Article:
Japanese high school students may have one of the highest rates of chlamydia among sexually active groups in developed countries, according to the initial findings of an ongoing Japanese study.
The study, which has so far surveyed 3,191 high schoolers ages 15 to 18 from the northern island of Hokkaido, found that 11.4 percent were infected with the venereal disease. Infection rates were higher among girls than boys, said Dr. Hirohisa Imai, the lead researcher and an associate professor at Ashikawa Medical College in Ashikawa, Japan. Nearly 14 percent of girls tested positive, compared with 7.3 percent of boys, he said in an e-mail.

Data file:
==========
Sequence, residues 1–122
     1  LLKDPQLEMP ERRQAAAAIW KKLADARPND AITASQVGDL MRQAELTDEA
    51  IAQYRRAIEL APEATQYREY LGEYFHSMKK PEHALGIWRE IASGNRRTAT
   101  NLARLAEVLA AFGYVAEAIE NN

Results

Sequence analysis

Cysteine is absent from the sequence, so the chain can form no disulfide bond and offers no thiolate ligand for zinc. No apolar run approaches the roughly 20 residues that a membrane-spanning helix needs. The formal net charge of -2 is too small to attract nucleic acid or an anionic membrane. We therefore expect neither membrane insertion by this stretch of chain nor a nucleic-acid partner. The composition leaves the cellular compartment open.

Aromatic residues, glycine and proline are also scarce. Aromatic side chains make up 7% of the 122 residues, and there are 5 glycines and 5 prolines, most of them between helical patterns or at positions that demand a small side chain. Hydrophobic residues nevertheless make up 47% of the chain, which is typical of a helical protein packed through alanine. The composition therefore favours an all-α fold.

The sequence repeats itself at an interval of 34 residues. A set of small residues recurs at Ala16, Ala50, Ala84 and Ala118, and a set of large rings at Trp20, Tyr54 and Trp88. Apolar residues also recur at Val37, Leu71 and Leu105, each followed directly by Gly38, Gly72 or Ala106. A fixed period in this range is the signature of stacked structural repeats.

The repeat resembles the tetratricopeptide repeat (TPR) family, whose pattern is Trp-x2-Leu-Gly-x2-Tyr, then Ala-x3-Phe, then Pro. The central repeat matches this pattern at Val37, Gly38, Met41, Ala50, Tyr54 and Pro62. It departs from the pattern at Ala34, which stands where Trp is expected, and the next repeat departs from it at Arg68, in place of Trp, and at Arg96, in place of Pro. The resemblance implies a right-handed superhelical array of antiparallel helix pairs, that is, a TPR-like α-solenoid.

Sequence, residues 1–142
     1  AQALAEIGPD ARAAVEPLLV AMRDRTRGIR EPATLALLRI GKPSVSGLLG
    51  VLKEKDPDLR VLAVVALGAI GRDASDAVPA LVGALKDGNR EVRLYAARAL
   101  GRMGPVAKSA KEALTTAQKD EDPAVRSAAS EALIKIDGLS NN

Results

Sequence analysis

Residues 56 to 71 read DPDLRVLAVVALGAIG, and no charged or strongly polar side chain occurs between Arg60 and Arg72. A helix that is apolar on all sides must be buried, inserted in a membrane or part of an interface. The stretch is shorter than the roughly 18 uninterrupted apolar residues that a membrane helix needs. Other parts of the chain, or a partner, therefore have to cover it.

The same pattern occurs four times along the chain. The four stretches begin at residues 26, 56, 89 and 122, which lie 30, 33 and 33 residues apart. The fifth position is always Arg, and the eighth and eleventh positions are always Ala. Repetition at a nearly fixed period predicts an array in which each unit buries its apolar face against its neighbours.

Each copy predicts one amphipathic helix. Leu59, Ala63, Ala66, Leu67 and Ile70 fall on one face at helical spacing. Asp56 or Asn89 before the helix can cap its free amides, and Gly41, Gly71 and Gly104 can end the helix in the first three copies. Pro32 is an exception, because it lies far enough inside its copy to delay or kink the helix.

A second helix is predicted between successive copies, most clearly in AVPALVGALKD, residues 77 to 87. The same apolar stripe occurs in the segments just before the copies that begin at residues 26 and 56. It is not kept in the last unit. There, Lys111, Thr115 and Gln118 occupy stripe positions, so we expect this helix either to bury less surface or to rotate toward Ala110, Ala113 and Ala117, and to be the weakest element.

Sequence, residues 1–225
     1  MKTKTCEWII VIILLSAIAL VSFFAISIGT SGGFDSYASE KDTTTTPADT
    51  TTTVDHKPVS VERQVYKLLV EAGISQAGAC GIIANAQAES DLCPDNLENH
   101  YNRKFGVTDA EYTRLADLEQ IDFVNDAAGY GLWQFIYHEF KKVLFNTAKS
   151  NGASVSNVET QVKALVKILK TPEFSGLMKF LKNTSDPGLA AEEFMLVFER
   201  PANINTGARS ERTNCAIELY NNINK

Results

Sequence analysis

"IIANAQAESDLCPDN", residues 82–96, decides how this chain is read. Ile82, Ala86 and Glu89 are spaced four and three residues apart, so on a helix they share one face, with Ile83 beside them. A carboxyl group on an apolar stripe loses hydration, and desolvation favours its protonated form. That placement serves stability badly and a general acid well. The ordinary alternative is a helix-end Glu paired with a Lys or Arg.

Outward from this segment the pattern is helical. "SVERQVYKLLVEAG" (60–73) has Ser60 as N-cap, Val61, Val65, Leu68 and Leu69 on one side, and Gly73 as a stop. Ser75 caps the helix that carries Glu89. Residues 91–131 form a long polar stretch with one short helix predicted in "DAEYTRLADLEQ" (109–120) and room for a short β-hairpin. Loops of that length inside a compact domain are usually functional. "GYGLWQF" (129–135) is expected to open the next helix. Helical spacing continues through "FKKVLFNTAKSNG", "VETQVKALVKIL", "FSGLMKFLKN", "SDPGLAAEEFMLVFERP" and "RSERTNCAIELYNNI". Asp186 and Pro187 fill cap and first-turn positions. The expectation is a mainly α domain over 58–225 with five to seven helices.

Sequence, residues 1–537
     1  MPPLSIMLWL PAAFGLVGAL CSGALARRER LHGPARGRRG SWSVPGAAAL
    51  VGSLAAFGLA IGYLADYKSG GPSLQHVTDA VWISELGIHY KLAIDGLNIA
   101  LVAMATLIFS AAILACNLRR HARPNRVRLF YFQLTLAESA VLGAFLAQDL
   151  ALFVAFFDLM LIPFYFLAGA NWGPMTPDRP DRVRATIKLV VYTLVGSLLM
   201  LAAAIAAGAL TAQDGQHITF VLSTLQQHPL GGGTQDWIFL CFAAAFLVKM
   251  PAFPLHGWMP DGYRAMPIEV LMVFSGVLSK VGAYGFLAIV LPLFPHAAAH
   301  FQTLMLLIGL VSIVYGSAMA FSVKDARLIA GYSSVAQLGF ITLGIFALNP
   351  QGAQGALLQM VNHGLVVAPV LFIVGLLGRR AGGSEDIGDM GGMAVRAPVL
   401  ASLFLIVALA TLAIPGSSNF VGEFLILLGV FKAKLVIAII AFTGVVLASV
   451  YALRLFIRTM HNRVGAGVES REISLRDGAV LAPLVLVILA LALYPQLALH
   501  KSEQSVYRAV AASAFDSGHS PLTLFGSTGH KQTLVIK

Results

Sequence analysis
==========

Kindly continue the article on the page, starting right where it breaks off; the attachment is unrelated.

If left untreated, chlamydia—which often displays few, if any, symptoms—can cause pelvic infections, infertility, and leave teenagers vulnerable to more serious infections such as HIV.
Dr. Imai, who began the study in 2003 and plans to survey more than 10,000 students by the end of this year, presented his initial findings to the Japanese Society for Sexually Transmitted Diseases last month.
Coverage of cultural understanding and international issues in education is supported in part by the Atlantic Philanthropies.
A version of this article appeared in the January 19, 2005 edition of Education Week